We have 4 acres of wooded hillside that we've been farming for about 2 1/2 years now. Until recently, I didn't know what to call our style of farming, just that our heroes were Joel Salatin of Polyface Farm and Karl Hammer of Vermont Compost Company. About a year ago, I discovered Masanobu Fukuoka and his approach to farming. Somehow or other, I stumbled onto this website, which has been a wealth of knowledge and fits well with what we're trying to accomplish.
We have just over 100 chickens running around all day, and recently added 3 goats. We bring in hundreds of gallons of food waste every week from local restaurants and farmers markets, and the animals feed themselves and help us turn it into compost. The soil was pretty barren when we got it, but we've been able to add hundreds of square feet of gardens without purchasing any inputs, and should be able to continue adding every year.
Just learned about hugel beds and am very excited about adding them to the mix-- should speed up our soil remediation significantly. Hope our farm sounds interesting, and hope keep learning from the forums.
That would be fantastic! Free labor is great, but the most valuable thing would just be fresh eyes on the farm by someone who knows a bit about permaculture. I grew up a city boy, so this is all new to me-- I've learned a lot in the last three years, but just enough to realize how much more there is to learn.
Yeah unfortunately my permaculture knowledge is relatively new. :/ I just started learning about it in detail about 6 months ago. I probably wouldn't be of much help in the 'looking at your land and figuring out good permaculture design' area. Although I didn't grow up in a city, I grew up on a massive cattle ranch in Montana so none of my experience really can be applied to permaculture that well..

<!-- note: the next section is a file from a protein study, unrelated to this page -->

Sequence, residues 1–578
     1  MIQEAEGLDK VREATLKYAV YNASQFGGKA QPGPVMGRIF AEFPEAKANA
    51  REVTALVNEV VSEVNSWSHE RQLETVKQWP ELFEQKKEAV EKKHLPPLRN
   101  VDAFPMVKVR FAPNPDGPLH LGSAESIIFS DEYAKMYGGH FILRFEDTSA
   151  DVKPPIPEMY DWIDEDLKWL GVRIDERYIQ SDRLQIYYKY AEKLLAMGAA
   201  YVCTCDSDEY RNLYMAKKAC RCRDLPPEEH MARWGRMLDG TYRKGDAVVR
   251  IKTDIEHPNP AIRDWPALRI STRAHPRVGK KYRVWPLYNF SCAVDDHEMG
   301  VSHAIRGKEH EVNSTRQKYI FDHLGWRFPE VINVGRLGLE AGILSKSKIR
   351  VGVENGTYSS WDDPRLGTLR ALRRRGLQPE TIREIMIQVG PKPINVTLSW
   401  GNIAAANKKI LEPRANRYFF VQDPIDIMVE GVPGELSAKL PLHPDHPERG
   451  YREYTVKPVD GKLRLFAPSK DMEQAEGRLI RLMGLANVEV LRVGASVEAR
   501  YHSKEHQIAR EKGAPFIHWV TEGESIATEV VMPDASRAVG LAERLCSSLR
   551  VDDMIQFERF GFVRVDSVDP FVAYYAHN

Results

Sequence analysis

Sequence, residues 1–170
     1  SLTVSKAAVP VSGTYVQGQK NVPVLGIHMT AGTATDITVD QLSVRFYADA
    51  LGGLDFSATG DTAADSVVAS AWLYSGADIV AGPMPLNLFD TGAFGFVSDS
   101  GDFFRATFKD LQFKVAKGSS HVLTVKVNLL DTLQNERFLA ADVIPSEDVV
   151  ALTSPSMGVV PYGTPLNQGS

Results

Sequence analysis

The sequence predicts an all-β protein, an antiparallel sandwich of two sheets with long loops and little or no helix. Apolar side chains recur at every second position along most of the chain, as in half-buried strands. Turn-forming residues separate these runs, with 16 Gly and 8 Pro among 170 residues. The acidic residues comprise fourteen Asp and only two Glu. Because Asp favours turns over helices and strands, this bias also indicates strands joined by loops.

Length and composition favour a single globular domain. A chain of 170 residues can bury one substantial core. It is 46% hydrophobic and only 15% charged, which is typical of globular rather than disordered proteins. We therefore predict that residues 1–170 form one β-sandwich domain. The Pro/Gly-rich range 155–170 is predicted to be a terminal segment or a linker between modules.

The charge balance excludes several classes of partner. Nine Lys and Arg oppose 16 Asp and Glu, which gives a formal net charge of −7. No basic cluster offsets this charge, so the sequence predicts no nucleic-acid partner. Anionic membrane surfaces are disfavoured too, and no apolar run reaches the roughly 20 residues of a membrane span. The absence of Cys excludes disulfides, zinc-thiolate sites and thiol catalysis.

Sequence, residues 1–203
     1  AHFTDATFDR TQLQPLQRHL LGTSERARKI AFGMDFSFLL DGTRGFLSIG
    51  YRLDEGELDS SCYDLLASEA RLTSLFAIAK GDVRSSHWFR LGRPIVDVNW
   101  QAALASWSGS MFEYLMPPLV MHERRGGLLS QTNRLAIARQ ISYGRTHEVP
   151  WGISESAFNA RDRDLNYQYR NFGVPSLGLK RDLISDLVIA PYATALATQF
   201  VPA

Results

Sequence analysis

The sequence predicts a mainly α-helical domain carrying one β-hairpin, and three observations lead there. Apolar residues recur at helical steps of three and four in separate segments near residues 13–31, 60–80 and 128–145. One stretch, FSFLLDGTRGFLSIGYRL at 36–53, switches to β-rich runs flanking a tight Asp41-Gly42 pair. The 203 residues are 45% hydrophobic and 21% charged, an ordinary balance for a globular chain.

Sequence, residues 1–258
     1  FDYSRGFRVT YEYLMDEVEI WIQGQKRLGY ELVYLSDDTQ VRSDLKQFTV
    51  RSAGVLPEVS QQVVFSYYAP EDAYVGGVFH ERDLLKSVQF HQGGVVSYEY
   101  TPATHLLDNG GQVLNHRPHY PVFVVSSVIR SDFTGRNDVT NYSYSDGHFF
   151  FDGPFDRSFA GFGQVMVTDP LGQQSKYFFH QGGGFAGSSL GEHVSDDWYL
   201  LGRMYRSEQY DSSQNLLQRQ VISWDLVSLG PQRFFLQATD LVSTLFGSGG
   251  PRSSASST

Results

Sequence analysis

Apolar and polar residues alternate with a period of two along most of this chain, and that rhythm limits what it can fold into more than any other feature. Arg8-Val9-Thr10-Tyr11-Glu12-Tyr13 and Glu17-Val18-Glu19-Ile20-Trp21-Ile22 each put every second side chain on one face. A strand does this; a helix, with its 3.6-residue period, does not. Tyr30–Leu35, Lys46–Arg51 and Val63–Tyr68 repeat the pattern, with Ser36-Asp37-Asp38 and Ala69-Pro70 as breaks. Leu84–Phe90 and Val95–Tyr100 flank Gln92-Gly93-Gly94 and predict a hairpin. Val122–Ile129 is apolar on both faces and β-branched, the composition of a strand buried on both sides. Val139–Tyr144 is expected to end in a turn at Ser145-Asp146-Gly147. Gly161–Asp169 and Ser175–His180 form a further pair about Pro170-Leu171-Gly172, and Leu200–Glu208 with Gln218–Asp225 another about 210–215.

Well, luckily, I'm not too concerned about expertise or even good design-- I probably should be, but I'm not. I like trial & error, observe and adjust. I didn't know a thing about chickens or goats when I started, and those have worked out wonderfully. My big interests right now are hugel beds, brush dams, and starting trees from seed-- none of which I know anything about. But I'll learn by trying.
Just me and my wife, 2 (human) kids, 3 (goat) kids, 3 rabbits, 4 dogs, 106 chickens (+7 eggs being brooded on), and innumerable lizards, squirrels, and who knows what else. So, it's a small community of sorts.
Not yet. We sell to friends & family whatever we don't eat ourselves. An informal CSA, I suppose. We're looking to add a 30-acre parcel that's about a mile away. Once we get some chickens going on there, we should have enough eggs to justify a stall at the farmers market. We'd also like to arrange with a landscape company to haul their plant waste, and let the goats go to town on it. The chickens could clean it of bugs, too. I figure whatever is left after the goats & chickens work it over would make a good base for hugel beds.
Yeah definitely! There is a CSA that I get my veggies from up here in the northbay who gets huge loads of leftovers from costco and they said one time they had tons of organic raspberries from I think it was, that costco gave them and the pigs ate and then the pork tasted a little bit like berries! They said it was good but I think it would be strange.. haha
Anyway I almost thought you were them when I initially read your post because of the part about getting leftovers from local grocers.